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The Troubling Evolution of Exchange-Traded ‘Products’

The category has morphed in ways that can be extremely risky

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It’s sad when such a sweet, simple concept can become so bastardized.

On January 29, 1993, State Street Global Advisors put forth a product that offered the diversity of a full portfolio, the agility of a stock and a cost that would make a mutual fund manager blush. That product? The Standard & Poor’s Depositary Receipts — known to you and I as the SPDR S&P 500 ETF (NYSE:SPY), the first U.S. exchange-traded fund.

Twenty years later, we find ourselves in somewhat of a perception pickle. The SPY marked the beginning of the exchange-traded product industry — a market now with thousands of products and more than $1 trillion under management. ETFs are a frightening and very real threat to mutual funds — according to the Investment Company Institute (via Bloomberg), “U.S. investors added $4.82 to exchange-traded products last year for every $1 they deposited with mutual funds.”

But along with this breakneck growth has come deformity, exemplified by the industry’s very own name: “Exchange-traded product.” It’s a necessary term bred from the mutated evolution of exchange-traded funds into items like exchange-traded notes — debt securities all gussied up like funds that track indices like funds do but aren’t really funds. Exchange-traded products have become trader playthings that tempt investors with offerings of double and triple “returns” or the ability to play “fear.”

The Reformed Broker’s Josh Brown sums up this path to growth in ETPs in his usual insightful, punchy way:

“Innovation is great, but we have to accept the fact that there will be failed and even dangerous innovations along the way. In my view, we are at the stage now where many dangerous notions are being productized — so it is up to the individual to not do stupid things with new vehicles they don’t truly understand.”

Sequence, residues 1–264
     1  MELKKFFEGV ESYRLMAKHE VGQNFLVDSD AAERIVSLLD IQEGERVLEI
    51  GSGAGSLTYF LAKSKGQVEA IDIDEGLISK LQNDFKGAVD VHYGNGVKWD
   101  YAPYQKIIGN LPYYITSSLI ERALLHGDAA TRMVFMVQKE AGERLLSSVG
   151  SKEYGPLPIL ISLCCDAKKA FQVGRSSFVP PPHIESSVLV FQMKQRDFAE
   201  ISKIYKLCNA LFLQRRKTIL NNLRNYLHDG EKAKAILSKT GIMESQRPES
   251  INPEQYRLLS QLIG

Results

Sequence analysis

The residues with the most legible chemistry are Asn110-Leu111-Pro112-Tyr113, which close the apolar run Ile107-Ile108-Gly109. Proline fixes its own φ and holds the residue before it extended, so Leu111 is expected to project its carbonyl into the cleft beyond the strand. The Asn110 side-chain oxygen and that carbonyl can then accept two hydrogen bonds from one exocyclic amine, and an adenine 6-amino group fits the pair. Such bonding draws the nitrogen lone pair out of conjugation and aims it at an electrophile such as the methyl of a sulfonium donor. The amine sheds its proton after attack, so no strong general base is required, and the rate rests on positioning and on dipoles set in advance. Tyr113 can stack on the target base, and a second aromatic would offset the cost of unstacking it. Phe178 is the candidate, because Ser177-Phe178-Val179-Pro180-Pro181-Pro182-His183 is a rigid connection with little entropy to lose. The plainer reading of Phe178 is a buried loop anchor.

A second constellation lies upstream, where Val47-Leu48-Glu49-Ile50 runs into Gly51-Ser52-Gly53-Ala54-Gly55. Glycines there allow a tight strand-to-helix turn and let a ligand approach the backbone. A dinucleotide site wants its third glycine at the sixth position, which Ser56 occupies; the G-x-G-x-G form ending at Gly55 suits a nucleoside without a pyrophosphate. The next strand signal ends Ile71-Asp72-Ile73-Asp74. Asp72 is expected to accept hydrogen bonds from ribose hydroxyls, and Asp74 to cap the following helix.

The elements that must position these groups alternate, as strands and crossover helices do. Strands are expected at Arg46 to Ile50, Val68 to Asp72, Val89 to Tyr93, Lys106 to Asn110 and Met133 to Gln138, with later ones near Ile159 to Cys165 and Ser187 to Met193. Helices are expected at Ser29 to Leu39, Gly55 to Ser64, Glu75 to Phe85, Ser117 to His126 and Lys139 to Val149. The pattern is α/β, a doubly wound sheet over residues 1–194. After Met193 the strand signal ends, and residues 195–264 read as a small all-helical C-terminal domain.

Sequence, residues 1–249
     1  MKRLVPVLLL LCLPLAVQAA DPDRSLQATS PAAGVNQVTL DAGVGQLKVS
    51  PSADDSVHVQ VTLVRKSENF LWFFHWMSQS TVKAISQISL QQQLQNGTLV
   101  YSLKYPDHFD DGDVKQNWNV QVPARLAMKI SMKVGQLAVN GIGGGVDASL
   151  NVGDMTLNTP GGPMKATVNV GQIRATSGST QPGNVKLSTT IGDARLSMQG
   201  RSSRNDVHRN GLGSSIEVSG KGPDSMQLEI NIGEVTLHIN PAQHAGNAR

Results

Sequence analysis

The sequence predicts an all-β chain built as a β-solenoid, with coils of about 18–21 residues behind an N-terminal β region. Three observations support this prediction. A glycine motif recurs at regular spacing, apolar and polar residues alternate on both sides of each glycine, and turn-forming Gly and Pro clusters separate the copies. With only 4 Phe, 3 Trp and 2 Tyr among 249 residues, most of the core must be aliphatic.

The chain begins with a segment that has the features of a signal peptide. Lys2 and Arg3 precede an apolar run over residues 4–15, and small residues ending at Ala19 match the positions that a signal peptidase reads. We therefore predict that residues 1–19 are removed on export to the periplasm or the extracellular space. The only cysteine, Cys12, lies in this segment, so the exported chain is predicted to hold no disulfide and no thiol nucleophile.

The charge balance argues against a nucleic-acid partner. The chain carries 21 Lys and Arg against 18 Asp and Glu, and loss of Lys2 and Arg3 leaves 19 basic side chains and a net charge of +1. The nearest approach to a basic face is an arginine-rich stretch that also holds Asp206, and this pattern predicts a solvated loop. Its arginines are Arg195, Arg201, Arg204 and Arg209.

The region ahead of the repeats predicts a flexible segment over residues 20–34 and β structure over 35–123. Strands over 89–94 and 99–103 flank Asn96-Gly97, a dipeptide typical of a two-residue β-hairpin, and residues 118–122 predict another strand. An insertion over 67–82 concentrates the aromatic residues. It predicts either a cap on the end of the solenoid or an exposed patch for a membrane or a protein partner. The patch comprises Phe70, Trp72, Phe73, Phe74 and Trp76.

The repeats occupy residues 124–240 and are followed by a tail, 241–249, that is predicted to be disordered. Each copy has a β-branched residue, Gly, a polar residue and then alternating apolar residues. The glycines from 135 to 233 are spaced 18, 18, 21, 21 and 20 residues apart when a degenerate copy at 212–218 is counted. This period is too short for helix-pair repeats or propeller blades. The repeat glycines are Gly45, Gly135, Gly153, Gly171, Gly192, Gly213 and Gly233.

He couldn’t be more right. So, it’s up to individual investors (read: not day traders) to do two things:

  1. Arm yourself with knowledge.
  2. Don’t put your money where your brain isn’t.

While I can’t offer to stay your hand as you guide your mouse toward “buy,” I can at least help with the first task. Here’s a few “dangerous innovations” and other exchange-traded products you should approach with caution — or not even approach at all:

‘Double Dividend’ Funds

These products come first solely because they’re fresh on the mind. I recently discussed these funds — the ETRACS Monthly Pay 2x Leveraged Dow Jones Select Dividend Index ETN (NYSE:DVYL) and ETRACS Monthly Pay 2x Leveraged S&P Dividend ETN (NYSE:SDYL) — and their dangers, but the gist is this: These exchange-traded notes are just like any other ETNs in that their performance is tethered to an index, sure, but they’re debt securities to the core.

What does that mean? Well, it means products have the potential to perform in ways that have little to do with the index they track, like the VelocityShares Daily 2x VIX Short Term ETN (NYSE:TVIX) did in March. Issuer Credit Suisse (NYSE:CS) basically stopped production of units in February, causing a bubble in demand, then said in March it would begin reissuing them again — causing the TVIX to tank in the face of new supply, knocking 50% off the ETN’s price. That drop had nothing to do with the underlying index.

And thus, it means that you’re not necessarily getting double the returns from the equities that ETNs track, nor are you getting double the dividends they release — you’re getting the commensurate amount from UBS (NYSE:UBS). So, just hope nothing happens to UBS.

The reason the ETRACS products get a special nod here is because of their moniker. Investors have been rushing into income stocks and funds in recent months, so needless to say, the attraction of a product that combines “2x” with “dividend” is a recipe for investor calamity. Yes, buyer beware, but we don’t live in a perfect world, and many people unfortunately invest in what they don’t know.

Now you know.

Other Reassuringly Named ETNs

Along with the “double dividend” funds, here are a few other ETNs that might accidentally give you the warm ‘n’ fuzzies:

  • Commodity ETNs, such as the the iPath Dow Jones-UBS Commodity Index Total Return ETN (NYSE:DJP), MLCX Grains ETN (NYSE:GRU) or iPath Dow Jones-UBS Copper ETN (NYSE:JJC)
  • Emerging-market ETNs, such as the iPath Long Enhanced MSCI Emerging Markets Index ETN (NYSE:EMLB) or iPath MSCI India Index ETN (NYSE:INP)
  • Bond ETNs like the PowerShares DB 3x Long 25+ Year Treasury Bond ETN (NYSE:LBND).

And in cases like the emerging-market and bond ETNs, several legitimate ETF options are available.

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